She Said: Pushing Tin – 10 Years Of Projects

Ten years ago, Nick was not the Homebrew Husband and my life was more drive-thru than Northwest Edible. Ten years ago I was thinking I really wanted to go to culinary school. Ten years ago Nick had just been laid off. Ten years ago I liked to take on projects for which I was supremely unqualified, and Nick kindly indulged my ideas. Ten years ago there were no children in our life.

Ten years ago today, we got married.

So it’s been a decade of many changes, and a few things have stayed constant. It’s been a decade of good fortune and of figuring out how to be a grown-up. It’s been roughly 9 great years together and some intermittent months that were mildly (but not spectacularly) crappy. It’s been a very good start.

Nick and I each have a lot of respect for what the other brings to the homestead table. I value his hard work and ability to provide for our family in an old fashioned daddy’s-at-work kind of way. He values the food I grow and cook and the savings I enable through my own efforts. I value his ease in knocking together a half-dozen raised beds; he values my knowledge of when and how to plant. I value his homebrew (some nights I value it a few times) and he values my ability to make about anything from freezer or soil taste great.

It is a good partnership, and is stronger for how much we do together. Some couples travel or hike or do crosswords. Some take motorcycle trips or rally for a political cause or skydive. In our current phase of life, the garden gets most of our project-togetherness.

My parents have been married 42 years and have never managed to live in a home without substantially remodeling it. As a teen I helped knock down chimneys and kitchen cabinets on summer break – demo was a family affair – and once I woke up to see my dad’s boot sticking through the ceiling above my bed. My folks were always working on something together, so from a very young age I saw grown-ups working side-by-side on a project as the archetype of marriage.

I think this is a pattern I’ve continued in my marriage to Nick. We engage with each other passively – through dinner dates and phone calls, but we also engage actively, through joint action to a common purpose. The dates are all well and good, but it is the mutual labor that I love, and that bonds me most closely to my husband.

We will celebrate our anniversary at one of my favorite restaurants, drinking a few cocktails and eating satay, and we will toast ten fine years. But after the self-congratulation and the clinking of glasses, conversation will turn to the new chicken coop, the spring plantings, the baby chicks, predictions for the orchard a decade hence, the plans for container growing tomatoes. With any luck, a “Next Ten Years” list will be started on the back of a moisture-ringed cocktail napkin. We will settle in where we are happiest: scheming, planning and dreaming up the big things we can do together.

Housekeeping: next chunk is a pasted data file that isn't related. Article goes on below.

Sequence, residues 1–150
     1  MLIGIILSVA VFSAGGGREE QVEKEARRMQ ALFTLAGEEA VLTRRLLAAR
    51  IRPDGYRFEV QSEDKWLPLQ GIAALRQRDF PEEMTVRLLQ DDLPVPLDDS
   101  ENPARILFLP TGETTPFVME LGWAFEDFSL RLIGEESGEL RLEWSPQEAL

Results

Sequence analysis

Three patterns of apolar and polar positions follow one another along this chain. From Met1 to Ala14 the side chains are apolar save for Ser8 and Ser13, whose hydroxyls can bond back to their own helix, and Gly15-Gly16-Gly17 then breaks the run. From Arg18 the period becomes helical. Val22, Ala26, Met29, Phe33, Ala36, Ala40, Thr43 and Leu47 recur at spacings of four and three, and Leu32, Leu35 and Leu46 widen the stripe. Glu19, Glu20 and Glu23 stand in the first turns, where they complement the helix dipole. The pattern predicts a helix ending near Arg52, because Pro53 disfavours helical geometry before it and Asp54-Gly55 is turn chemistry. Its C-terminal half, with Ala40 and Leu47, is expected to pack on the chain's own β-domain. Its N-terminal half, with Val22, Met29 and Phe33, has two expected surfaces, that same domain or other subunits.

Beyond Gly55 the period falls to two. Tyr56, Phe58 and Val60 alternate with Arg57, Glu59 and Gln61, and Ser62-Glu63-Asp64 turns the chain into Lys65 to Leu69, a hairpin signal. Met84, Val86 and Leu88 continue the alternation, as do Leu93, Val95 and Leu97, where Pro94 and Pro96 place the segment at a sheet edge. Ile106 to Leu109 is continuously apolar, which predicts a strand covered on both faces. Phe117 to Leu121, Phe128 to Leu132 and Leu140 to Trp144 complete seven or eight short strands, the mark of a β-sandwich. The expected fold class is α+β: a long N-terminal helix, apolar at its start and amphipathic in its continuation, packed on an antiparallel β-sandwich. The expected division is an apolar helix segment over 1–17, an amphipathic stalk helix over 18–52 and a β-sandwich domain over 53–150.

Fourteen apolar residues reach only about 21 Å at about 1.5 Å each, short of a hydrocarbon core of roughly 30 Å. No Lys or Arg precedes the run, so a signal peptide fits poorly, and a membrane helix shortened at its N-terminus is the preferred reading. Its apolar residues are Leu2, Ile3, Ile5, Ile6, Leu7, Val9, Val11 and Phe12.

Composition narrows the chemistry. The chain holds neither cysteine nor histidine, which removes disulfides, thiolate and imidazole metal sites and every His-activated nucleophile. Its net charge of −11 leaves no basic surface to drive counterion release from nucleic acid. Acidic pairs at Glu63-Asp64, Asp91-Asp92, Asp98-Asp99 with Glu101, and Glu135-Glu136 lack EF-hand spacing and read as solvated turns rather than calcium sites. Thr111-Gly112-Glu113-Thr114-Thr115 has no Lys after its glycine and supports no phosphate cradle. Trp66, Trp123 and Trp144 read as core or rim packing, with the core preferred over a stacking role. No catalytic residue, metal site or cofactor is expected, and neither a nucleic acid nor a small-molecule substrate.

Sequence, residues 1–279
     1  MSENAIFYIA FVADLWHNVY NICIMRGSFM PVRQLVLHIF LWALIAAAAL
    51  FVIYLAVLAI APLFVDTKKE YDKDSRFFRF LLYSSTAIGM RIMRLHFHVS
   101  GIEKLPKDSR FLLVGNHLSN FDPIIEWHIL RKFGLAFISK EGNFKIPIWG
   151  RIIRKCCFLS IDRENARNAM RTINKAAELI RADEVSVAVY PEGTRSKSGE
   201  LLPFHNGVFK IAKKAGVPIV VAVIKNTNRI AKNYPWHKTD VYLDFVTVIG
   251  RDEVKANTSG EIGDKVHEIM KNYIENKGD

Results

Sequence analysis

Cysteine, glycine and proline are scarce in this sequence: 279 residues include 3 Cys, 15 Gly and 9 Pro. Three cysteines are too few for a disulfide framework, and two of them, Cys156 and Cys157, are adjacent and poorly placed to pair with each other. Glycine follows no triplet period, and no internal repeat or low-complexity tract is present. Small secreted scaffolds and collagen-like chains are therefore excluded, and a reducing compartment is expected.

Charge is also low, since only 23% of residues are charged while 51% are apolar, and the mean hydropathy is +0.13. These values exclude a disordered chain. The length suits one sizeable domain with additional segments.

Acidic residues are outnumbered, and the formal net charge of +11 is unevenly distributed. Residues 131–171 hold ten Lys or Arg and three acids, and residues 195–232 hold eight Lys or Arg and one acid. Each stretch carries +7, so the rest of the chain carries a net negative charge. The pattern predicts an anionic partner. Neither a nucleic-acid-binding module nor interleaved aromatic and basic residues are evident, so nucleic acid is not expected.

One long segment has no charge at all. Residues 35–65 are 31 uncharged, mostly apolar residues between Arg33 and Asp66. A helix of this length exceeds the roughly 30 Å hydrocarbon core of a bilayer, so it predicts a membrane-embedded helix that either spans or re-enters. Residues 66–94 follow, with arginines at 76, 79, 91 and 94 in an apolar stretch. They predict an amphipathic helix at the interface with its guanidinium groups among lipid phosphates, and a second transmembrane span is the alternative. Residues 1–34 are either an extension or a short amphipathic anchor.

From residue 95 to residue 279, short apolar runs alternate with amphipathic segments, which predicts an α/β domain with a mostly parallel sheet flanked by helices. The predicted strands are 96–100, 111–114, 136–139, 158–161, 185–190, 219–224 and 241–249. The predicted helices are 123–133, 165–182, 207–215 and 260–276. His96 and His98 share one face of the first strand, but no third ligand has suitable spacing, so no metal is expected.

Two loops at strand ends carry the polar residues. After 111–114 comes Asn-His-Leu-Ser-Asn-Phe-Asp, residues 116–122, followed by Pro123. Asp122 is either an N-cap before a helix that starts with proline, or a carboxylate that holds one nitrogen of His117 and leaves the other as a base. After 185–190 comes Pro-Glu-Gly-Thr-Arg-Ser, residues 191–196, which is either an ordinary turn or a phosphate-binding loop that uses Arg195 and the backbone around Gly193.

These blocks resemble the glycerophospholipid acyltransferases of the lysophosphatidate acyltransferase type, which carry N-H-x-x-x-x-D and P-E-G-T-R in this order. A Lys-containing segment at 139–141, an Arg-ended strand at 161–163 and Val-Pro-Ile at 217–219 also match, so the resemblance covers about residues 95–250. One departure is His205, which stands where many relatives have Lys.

Here’s to the next ten years. I can’t wait to see what we’ll grow.


  1. says

    Love this post and Nick's, too. My husband and I just had our 11th anniversary and I can relate to much of what you've both written, about the relationship's finest moments being found in the work you do together just as much or more than in the dates and leisure activities.

    Happy Anniversary to you both!

  2. says

    This is so bizarre – it's like reading about my own life. Even about renovating my parents' houses. And taking on the projects for which I am supremely unqualified. And my husband putting up with whatever scheme I come up with next… and dinner conversations reverting to chicken-coop planning sessions.

    Congratulations on your anniversary!

  3. sharon miro says

    Impressive–both posts. Please tell your husband that I comment here, because I read this one last. But both clearly show you value your love together. It is that love that grows the tallest in your garden.

  4. says

    Congratulations! 10 years is a great start. As a 'survivor' of 30 wonderful years, I can agree that working together is much more important than the work that gets done. Here's to the next 10!

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